a img { display:none; } a:hover img { display:block; } -->

Wednesday, January 14, 2015

Book Review: Hockey Card Stories


http://www.amazon.ca/gp/product/1770411976/ref=as_li_ss_tl?ie=UTF8&camp=15121&creative=390961&creativeASIN=1770411976&linkCode=as2&tag=canarock-20

  Hockey Card Stories: True Tales from Your Favourite Players by Ken Reid was released in October of 2014.  I put it on my Amazon Wishlist and Santa was thoughtful enough to leave a copy under the tree for me. 
 This book is a must read for any hockey card aficionado, especially if you long for the old days when O-Pee-Chee was the dominate, and sometimes only, brand.  The author, Sportsnet's Ken Reid, picked out 61 cards from his personal collection and then called up 59 players on those cards to see what they thought of them.  The book is divided up into ten chapters, with each chapter featuring five to six players.  Each player's story lasts 4-6 pages.
  The cards range from 1971 to 1991 -  all O-Pee-Chee.  There is a solid range of players, from HHOFers, such as Tony Esposito and Bobby Orr, to one game wonder, Bill Armstrong.  Player's reactions of their cards range between pride, to indifference.  Although most, especially the guys with the 1970s cards, expressed embarrassment over their photos.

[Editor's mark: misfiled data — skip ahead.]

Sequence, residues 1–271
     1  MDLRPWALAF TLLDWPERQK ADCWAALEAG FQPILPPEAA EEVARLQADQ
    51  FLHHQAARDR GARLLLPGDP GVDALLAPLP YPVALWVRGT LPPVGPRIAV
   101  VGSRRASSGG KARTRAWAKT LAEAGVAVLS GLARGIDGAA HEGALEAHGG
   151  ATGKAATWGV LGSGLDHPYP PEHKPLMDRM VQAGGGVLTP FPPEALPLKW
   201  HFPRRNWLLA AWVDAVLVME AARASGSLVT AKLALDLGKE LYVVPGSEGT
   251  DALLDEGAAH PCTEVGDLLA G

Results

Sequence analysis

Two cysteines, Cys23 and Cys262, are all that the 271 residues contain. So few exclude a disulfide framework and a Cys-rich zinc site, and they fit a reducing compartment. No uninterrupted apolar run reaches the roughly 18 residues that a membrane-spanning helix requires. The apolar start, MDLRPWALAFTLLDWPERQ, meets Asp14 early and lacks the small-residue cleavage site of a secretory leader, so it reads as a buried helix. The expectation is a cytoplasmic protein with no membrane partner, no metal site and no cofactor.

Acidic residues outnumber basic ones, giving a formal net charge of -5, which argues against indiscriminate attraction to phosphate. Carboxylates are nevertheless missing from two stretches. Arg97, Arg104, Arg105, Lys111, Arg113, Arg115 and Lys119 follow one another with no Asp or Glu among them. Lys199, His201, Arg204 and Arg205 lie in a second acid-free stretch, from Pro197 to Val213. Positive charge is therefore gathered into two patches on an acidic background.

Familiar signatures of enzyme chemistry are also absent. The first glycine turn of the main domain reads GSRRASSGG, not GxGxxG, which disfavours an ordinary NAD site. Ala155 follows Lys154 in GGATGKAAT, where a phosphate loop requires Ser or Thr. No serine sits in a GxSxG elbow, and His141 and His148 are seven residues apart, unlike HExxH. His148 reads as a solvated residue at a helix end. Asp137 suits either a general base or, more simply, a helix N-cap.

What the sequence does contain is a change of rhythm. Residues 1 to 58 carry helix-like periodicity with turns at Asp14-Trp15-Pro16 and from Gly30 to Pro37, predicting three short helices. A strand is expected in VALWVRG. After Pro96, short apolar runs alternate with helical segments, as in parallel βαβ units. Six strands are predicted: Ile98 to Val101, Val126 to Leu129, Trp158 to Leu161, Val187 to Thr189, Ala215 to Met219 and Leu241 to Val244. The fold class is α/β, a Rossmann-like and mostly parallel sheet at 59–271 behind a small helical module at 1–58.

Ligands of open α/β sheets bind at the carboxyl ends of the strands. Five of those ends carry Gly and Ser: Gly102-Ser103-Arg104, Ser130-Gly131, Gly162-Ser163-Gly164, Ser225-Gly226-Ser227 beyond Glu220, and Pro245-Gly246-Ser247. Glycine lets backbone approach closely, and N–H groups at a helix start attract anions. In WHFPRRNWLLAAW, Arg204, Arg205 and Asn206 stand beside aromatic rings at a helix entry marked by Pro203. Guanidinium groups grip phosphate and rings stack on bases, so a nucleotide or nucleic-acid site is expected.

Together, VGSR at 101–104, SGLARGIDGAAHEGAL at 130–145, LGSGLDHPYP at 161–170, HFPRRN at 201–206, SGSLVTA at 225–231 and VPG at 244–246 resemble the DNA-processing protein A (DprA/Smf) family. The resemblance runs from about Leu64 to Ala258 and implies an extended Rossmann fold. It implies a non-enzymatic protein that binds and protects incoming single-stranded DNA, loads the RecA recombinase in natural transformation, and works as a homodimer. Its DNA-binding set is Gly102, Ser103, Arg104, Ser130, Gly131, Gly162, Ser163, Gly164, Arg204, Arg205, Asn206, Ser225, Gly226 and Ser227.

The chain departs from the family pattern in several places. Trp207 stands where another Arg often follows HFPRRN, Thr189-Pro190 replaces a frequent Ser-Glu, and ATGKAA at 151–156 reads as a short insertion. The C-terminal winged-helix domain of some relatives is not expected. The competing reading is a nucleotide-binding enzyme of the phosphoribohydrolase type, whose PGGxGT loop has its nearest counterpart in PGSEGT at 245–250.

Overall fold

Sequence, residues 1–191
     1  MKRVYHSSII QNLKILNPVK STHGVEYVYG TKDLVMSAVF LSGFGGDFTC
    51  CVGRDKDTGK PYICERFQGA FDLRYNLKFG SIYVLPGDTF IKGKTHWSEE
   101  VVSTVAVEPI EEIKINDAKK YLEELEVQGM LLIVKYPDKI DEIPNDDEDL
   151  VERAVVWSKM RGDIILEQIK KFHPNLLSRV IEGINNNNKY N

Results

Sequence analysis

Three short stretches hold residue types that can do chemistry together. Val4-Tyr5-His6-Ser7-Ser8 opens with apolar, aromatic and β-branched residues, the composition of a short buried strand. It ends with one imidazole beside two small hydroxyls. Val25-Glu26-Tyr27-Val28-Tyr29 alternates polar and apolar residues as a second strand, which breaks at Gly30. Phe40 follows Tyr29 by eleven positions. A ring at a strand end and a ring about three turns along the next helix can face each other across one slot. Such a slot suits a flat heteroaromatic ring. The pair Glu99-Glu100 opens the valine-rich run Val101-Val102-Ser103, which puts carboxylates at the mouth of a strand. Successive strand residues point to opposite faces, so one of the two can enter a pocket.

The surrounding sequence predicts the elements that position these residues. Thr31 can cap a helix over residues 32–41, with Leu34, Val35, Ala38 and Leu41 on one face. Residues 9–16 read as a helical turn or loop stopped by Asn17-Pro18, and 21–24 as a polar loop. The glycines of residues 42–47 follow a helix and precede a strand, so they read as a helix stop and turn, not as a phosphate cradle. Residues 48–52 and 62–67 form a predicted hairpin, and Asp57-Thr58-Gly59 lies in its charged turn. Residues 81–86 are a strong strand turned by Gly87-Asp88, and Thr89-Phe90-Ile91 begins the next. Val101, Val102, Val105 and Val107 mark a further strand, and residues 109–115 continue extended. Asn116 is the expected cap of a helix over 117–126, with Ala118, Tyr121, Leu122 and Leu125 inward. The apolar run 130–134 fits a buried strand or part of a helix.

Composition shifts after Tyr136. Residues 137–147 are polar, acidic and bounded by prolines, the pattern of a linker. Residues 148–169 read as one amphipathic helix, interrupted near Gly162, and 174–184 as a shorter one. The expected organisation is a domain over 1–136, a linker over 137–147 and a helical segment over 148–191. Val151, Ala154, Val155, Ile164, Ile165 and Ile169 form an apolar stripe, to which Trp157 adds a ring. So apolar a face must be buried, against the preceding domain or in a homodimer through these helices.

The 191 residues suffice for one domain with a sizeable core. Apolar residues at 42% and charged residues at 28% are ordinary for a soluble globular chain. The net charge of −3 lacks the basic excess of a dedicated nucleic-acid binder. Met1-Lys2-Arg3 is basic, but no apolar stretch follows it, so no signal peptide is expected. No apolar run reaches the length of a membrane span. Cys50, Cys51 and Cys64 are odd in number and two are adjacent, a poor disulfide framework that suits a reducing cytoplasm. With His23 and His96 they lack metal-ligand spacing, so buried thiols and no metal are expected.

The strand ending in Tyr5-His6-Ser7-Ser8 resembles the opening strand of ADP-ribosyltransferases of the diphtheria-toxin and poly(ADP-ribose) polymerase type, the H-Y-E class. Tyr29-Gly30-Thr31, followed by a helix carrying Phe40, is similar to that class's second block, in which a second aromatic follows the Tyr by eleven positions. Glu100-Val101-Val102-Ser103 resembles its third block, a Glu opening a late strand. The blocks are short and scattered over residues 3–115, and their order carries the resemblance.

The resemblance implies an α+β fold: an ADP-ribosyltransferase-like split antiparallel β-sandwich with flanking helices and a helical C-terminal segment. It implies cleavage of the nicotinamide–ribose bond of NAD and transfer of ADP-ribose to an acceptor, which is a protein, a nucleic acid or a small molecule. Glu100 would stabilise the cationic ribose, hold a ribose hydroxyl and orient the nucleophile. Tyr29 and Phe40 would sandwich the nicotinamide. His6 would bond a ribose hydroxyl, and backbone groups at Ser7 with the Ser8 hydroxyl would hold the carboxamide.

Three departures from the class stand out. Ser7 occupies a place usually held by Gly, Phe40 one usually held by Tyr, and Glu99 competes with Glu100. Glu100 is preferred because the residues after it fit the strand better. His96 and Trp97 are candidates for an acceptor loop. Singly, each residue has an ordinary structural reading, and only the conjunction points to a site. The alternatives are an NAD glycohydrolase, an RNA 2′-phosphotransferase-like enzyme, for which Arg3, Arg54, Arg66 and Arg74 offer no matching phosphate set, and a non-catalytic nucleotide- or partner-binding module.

An example from the WHA chapter
 
  The book read like a bunch of short articles, or blog posts.  In fact, some of the stories were previously published online a few years ago. Check them out if you want a sampling of what is in the book.  Most stories are directly relates to the card pictures, but a few seem to use the card more of a jumping off point to cover the player more in general. 
  One of the more interesting stories was the 1984-85 OPC Ken Linseman.  I alwasy knew it was an obvious airbrush job, but there is more to it than that.  It's Linseman's head, but not his body.  I will let you google it, or go out and buy the book to learn more. 

The FrankenCard.

  This was a very interesting book to read but it left me wanting more.  I have always wondered what players thought about their cards and what type of cards or memorabilia collections they might have.  Perhaps there will be a sequel.  I do hope so.
  I definitely recommend this book to any true hockey card fan.  There are no stories about game-used jersey or serial numbered cards, so perhaps not a great buy for anyone who has never ate gum from a pack of cards.  It has a $19.95 cover price but, as always, can be had for cheaper online.  Let's finish with a word from Ken Reid himself.


2 comments: